In the Palm Springs-South Coast Resource Area, the Bureau has entered into several partnerships to control saltcedar on public lands:
(a) A memorandum of understanding (MOU) was signed in 1991 with the Management and Training Corporation (which manages the State's Eagle Mountain Community Correctional Facility) for the BLM to use a crew of inmates to remove saltcedar at the Dos Palmas Area of Critical Environmental Concern. The BLM furnishes a commuter van, gas, and technical training and supervision, and the prison furnishes a crew of approximately 5-6 inmates, accompanied with their security guard, to carry out duties ranging from cutting tamarisk with chain saws or brush cutters, applying herbicide and stockpiling slash for burning. Inmate crews have proven to be extremely hard working and willing to put up with hot, uncomfortable working situations. With their help, approximately 150 acres of tamarisk-infested critical palm oasis habitat have been cleaned-up of the noxious shrub, resulting in an improvement in the water flow through the oases, an increase in the cover and vigor of native, desirable species, and a greater visual quality for visitors.
(b) Under an MOU signed with The Nature Conservancy (TNC), TNC volunteers have contributed many work days towards the removal of saltcedar from palm oases at Dos Palmas as well. Where the inmate crews have left at the end of the work week, TNC volunteers have often picked up during the weekend, supervised by a TNC and/or BLM foreman.
(c) Volunteers from the Mountain Conservancy, a Coachella Valley-based interest group supporting the conservation of the Santa Rosa Mountains, have help the BLM control saltcedar on public lands.
The Barstow Resource Area is working with an ever expanding number of groups, organizations, individuals, corporations, local agencies and others to accomplish the very important task of saltcedar control in desert riparian areas. The Afton Canyon Restoration project, initiated in 1992, taxed the ability of the Barstow Project office to fund and complete all project components within the time frame restraints associated with saltcedar treatment. The realization that we could not accomplish a job of this magnitude by traditional means, caused us to search for new and innovative ways to get the job done. The results achieved during the last three years include the treatment/control of over 400 acres of saltcedar infested riparian habitat, the planting of over 5000 native willow/cottonwood poles and the construction of a three mile riparian protection fence. These accomplishments would have been inconceivable if not for the following community efforts, partnerships, grants and other cooperative ventures:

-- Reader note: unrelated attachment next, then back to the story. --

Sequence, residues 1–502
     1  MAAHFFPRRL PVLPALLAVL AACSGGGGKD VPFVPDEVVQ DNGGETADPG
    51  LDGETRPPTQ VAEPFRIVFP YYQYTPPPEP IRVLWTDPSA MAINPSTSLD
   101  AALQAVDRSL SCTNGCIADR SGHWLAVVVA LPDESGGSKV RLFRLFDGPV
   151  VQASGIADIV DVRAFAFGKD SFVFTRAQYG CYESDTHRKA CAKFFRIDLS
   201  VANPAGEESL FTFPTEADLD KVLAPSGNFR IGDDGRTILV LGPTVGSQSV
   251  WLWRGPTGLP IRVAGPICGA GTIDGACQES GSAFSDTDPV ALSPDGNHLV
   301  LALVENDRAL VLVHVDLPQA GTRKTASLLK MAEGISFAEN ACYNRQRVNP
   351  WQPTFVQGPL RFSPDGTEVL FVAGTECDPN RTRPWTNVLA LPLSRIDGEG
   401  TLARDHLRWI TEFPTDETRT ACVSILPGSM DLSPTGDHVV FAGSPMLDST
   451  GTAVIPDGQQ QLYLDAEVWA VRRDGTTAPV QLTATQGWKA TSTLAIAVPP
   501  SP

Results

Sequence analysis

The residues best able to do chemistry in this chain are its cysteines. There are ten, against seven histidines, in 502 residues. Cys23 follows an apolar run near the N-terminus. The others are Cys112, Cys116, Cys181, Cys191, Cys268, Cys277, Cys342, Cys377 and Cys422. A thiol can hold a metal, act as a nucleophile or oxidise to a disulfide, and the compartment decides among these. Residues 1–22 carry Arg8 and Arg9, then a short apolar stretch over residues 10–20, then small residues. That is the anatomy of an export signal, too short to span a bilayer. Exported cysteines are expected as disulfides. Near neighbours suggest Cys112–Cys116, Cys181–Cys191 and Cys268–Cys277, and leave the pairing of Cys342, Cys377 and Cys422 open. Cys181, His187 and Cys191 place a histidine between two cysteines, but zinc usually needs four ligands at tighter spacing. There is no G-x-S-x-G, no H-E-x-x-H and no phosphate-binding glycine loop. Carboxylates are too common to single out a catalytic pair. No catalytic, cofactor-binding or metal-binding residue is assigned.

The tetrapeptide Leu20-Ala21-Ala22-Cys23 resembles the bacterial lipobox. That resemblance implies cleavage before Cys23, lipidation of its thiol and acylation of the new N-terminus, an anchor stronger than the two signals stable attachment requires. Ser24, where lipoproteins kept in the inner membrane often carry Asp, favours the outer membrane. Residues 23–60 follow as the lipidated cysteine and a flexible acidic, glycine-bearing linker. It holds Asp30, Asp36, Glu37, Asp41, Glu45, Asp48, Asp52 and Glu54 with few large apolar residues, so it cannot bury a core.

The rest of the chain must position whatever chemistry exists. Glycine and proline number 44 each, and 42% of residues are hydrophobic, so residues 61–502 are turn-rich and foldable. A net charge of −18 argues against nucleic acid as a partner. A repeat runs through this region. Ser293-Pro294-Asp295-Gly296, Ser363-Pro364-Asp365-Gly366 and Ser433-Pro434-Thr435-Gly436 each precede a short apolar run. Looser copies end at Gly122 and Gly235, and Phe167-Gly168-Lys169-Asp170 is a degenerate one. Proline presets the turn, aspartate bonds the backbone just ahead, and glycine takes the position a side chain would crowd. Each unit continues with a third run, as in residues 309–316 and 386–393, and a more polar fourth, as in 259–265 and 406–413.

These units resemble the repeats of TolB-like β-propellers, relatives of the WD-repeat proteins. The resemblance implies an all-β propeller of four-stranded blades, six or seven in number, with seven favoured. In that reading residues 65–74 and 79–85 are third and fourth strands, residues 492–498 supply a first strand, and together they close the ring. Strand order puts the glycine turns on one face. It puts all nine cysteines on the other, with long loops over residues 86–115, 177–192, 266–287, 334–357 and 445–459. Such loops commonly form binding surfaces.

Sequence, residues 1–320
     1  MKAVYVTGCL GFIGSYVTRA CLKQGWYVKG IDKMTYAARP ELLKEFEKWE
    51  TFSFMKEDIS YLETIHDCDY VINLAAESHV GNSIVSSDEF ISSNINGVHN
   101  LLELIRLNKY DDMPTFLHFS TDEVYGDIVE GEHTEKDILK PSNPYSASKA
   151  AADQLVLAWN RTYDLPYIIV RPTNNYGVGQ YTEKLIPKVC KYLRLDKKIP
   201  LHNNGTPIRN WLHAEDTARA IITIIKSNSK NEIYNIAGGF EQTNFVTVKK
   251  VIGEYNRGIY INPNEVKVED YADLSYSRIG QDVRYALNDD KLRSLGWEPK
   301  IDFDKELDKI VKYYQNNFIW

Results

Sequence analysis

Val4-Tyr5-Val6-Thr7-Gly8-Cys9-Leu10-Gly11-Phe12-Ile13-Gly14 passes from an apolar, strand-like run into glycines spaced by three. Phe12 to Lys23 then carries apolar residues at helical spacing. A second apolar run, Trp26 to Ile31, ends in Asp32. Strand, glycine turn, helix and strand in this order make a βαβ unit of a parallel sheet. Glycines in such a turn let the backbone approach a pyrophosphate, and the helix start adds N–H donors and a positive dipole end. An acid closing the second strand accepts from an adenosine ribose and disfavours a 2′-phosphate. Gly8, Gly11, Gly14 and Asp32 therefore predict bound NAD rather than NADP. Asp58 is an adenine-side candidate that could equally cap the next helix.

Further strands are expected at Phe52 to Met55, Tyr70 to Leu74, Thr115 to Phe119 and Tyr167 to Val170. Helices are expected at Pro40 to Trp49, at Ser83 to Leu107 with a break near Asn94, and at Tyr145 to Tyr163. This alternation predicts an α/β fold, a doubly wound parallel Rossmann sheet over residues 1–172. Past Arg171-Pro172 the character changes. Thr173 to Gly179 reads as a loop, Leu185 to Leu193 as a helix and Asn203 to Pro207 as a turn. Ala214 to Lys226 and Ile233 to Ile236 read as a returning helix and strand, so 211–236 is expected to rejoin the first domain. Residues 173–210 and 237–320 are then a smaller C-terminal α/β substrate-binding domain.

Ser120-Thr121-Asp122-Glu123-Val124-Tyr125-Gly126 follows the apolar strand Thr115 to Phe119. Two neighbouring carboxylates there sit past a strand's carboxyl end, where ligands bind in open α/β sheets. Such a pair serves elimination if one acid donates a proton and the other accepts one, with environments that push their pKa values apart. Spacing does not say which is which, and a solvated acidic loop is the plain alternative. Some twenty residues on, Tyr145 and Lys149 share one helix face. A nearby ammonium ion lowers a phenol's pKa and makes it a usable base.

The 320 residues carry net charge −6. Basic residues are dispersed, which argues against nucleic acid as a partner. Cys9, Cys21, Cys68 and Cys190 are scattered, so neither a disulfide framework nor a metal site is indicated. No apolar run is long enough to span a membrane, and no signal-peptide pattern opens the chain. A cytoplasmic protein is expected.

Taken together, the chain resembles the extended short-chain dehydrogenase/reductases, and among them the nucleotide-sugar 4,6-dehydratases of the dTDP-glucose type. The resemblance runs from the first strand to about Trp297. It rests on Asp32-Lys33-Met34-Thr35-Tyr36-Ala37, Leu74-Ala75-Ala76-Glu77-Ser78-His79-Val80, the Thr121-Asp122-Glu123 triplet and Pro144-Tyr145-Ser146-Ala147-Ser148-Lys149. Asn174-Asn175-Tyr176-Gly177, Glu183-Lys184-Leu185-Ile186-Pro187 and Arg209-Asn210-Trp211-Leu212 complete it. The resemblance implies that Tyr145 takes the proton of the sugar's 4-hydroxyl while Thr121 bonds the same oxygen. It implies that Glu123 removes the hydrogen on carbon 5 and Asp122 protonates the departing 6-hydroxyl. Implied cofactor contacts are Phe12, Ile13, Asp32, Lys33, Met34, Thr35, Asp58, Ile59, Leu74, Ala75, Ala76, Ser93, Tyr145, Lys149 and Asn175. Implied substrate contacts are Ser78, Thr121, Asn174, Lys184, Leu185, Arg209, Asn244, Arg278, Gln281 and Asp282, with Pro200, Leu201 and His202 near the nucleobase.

Mojave Desert Resource Conservation District (RCD) and California State Prisons - Through agreements with RCD and the Baker, CA state prison cleared/controlled approximately 300 acres of saltcedar infested riparian habitat within Afton Canyon. The cooperative effort involved the BLM providing funds to the RCD who, in turn, provided two RCD individuals to supervise an eight person prison labor crew.
This is a brief summary of partnerships and grants we have in the past, and are presently working with to cooperatively gain a small level of success in the treatment of saltcedar. The following are grants that the Barstow Resource Area has applied for the 1996-1997 grant years.
It is important to look for a "fit" for your project. A situation where your project meets the needs, concerns, emotions, expectations and vision of a "partner". Examples would be to involve schools and youth groups in restoration, tree planting and other "up" activities. In contrast, if your project involves heavy machinery, herbicides or other specialized equipment the primary providers of these items may be receptive to becoming contributors and/or partners in return for positive publicity. The following is a list of places to start looking for a environmental "partner" to help with your project.
Remember: "partners" want something in return, it may be publicity, a warm glow, recognition or just the satisfaction of doing something good for the environment. It is important that volunteers and/or partners know what they are doing, why it is important and also be able to see the results of their efforts. Feel free to write or e-mail the authors to discuss these ideas and some of the partnerships described above. Good luck!
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